The analysis of the National Cancer Database is one of a number of studies describing sociodemographic-related disparities in colorectal cancer outcomes, according to session Co-Chair John M. Carethers, MD, Professor and Chair of the Department of Internal Medicine at the University of Michigan, Ann Arbor.
John M. Carethers, MD
“In general, overall social demographics tend to be associated with risk of death from colorectal cancer, and that’s even if you equalize these factors in African Americans. This tendency is true across all ages,” he said. The question is how to mitigate that and improve outcomes.
A large Delaware initiative tackled the problem via screening.1 “We don’t typically screen under age 50, but for persons over 50, you can essentially eliminate this disparity with navigation services and screening. How do you do that for those under 50? I’m not quite sure,” Dr. Carethers told The ASCO Post. He noted the current push to lower the screening age to 45 to combat the rising incidence among young adults. Whether this can help mitigate the disparities remains unknown. “If you screen everyone, can you eliminate these disparities?” he asked.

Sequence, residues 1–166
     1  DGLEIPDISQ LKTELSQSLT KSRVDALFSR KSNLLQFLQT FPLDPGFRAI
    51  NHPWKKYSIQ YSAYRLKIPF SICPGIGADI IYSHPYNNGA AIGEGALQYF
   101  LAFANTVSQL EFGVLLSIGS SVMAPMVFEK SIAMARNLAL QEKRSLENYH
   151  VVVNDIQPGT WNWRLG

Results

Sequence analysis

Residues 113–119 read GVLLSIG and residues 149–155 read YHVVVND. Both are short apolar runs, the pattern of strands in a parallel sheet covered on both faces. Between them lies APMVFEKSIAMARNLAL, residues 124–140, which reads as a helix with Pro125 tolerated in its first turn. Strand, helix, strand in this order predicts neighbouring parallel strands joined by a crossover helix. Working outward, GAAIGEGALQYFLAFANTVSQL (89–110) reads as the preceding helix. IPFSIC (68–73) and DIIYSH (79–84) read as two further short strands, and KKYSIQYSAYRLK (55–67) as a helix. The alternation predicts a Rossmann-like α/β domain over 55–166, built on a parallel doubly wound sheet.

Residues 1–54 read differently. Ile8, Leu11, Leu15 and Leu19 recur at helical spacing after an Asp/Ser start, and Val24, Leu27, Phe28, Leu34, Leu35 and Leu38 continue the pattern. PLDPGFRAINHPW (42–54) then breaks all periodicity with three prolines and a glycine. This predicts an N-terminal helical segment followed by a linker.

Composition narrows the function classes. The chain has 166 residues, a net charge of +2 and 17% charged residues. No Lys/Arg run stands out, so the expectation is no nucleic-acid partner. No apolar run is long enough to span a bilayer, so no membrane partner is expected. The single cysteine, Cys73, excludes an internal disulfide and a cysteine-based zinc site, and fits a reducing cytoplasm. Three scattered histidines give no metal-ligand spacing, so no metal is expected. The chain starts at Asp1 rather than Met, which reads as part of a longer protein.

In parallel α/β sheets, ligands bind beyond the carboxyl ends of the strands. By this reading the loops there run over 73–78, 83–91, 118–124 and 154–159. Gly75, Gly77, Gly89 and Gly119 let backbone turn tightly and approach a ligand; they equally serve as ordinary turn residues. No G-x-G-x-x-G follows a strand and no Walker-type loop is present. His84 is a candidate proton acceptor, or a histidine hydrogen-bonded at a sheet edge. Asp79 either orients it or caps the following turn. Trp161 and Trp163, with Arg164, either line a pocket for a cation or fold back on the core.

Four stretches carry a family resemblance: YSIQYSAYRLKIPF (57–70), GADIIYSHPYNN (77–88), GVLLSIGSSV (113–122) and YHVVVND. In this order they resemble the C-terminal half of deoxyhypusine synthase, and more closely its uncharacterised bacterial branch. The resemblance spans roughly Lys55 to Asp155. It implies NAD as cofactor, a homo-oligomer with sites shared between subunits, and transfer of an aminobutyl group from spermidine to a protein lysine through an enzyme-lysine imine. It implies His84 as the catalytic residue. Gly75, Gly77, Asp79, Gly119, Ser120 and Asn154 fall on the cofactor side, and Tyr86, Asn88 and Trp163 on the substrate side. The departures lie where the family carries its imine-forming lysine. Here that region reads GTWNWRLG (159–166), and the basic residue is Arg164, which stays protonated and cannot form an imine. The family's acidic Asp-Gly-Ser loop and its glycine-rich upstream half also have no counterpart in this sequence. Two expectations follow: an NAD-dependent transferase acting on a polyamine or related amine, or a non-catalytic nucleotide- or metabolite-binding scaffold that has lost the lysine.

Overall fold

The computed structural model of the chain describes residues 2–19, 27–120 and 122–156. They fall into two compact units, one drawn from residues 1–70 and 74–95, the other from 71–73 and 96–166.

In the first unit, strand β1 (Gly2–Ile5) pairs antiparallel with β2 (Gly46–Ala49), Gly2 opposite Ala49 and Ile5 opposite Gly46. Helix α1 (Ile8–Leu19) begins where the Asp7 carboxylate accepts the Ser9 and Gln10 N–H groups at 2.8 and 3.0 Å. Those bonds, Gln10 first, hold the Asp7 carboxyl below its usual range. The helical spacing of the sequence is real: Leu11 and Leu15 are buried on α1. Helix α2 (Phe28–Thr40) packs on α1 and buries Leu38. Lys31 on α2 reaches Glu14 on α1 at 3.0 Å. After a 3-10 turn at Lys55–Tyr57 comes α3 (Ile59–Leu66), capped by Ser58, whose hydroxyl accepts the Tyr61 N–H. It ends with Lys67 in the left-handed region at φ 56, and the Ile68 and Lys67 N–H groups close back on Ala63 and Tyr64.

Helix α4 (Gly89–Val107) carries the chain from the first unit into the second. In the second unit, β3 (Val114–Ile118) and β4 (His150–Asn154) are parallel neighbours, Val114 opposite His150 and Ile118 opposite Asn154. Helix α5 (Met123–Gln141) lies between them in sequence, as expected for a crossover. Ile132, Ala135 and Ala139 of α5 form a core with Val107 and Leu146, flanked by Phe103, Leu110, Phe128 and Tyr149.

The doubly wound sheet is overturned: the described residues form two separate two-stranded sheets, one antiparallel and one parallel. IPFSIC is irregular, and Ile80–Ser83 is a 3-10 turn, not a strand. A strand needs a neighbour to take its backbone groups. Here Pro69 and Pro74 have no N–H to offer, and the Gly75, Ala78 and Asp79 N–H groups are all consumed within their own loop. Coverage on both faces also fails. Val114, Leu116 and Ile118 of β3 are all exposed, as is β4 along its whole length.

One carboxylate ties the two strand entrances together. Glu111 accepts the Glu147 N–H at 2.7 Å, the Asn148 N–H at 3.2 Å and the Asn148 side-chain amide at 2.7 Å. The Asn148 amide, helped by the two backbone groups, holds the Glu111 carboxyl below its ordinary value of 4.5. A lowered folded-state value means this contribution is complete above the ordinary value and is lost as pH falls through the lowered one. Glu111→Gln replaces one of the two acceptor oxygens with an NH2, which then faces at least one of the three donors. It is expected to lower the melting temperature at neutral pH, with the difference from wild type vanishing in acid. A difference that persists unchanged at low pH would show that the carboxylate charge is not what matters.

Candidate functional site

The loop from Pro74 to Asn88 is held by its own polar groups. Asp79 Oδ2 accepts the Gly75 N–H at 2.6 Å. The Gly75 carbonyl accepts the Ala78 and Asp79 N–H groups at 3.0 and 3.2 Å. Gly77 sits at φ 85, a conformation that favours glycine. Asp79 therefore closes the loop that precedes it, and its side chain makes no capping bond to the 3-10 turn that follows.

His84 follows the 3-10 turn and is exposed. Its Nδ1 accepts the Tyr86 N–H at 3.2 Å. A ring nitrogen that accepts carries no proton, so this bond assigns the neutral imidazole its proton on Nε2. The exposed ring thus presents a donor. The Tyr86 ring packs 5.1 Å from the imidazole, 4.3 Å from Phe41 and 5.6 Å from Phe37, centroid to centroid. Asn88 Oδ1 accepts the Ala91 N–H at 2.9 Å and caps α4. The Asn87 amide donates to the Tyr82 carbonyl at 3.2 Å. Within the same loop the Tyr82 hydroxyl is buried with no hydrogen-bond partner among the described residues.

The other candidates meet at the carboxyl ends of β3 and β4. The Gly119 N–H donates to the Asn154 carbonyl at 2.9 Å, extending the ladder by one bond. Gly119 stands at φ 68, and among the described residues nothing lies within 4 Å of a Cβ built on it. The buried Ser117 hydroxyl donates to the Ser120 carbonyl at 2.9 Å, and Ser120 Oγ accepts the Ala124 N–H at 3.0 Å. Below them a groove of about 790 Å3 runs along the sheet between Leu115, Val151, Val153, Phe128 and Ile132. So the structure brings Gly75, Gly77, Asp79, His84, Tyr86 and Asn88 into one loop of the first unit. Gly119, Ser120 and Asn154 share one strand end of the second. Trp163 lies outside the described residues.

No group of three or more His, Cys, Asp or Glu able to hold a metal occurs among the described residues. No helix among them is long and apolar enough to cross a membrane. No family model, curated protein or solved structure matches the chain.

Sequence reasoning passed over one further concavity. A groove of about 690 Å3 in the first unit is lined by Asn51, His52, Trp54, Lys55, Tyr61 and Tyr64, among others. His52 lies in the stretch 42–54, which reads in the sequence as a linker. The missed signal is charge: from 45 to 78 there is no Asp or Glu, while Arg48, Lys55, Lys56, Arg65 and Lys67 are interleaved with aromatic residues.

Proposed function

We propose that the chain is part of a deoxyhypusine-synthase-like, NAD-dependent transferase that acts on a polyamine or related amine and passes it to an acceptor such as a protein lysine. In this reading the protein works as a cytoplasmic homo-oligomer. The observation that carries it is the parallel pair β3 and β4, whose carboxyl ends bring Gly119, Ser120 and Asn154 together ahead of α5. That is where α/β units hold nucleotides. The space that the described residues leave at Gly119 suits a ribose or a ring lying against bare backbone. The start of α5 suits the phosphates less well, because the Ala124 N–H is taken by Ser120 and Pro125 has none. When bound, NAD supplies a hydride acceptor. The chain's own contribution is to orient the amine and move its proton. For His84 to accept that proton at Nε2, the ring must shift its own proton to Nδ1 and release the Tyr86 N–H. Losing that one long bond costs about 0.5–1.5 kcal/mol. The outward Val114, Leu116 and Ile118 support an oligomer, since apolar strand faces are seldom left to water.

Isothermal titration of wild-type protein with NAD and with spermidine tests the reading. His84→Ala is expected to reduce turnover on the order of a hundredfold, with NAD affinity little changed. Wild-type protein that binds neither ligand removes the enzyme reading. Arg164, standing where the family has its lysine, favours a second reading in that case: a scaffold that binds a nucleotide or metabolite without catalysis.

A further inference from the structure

There also appear to be inherent biologic differences according to race that could be harder to overcome. “There are a lot of data showing that polyps develop at younger ages and are bigger in certain racial groups, particularly African Americans and American Indians,” Dr. Carethers said. What is driving the biology is unknown, but the microbiome has come under scrutiny, he added.
“So you are a victim of your circumstances,” he speculated. “You are living in a low-income area, you are eating more proinflammatory-type foods, you are getting your polyps earlier, and then you are getting your cancers earlier.”
DISCLOSURE: Dr. Carethers reported no conflicts of interest.
1. Grubbs SS, Polite BN, Carney Jr J, et al: Eliminating racial disparities in colorectal cancer in the real world: It took a village. J Clin Oncol 31:1928-1930, 2013.
The incidence of colorectal cancer among adults younger than age 50 has risen more than 50% over the past 25 years. Researchers are attempting to understand this phenomenon, as described in several studies presented at the 2020 Gastrointestinal Cancers Symposium that offered new insights.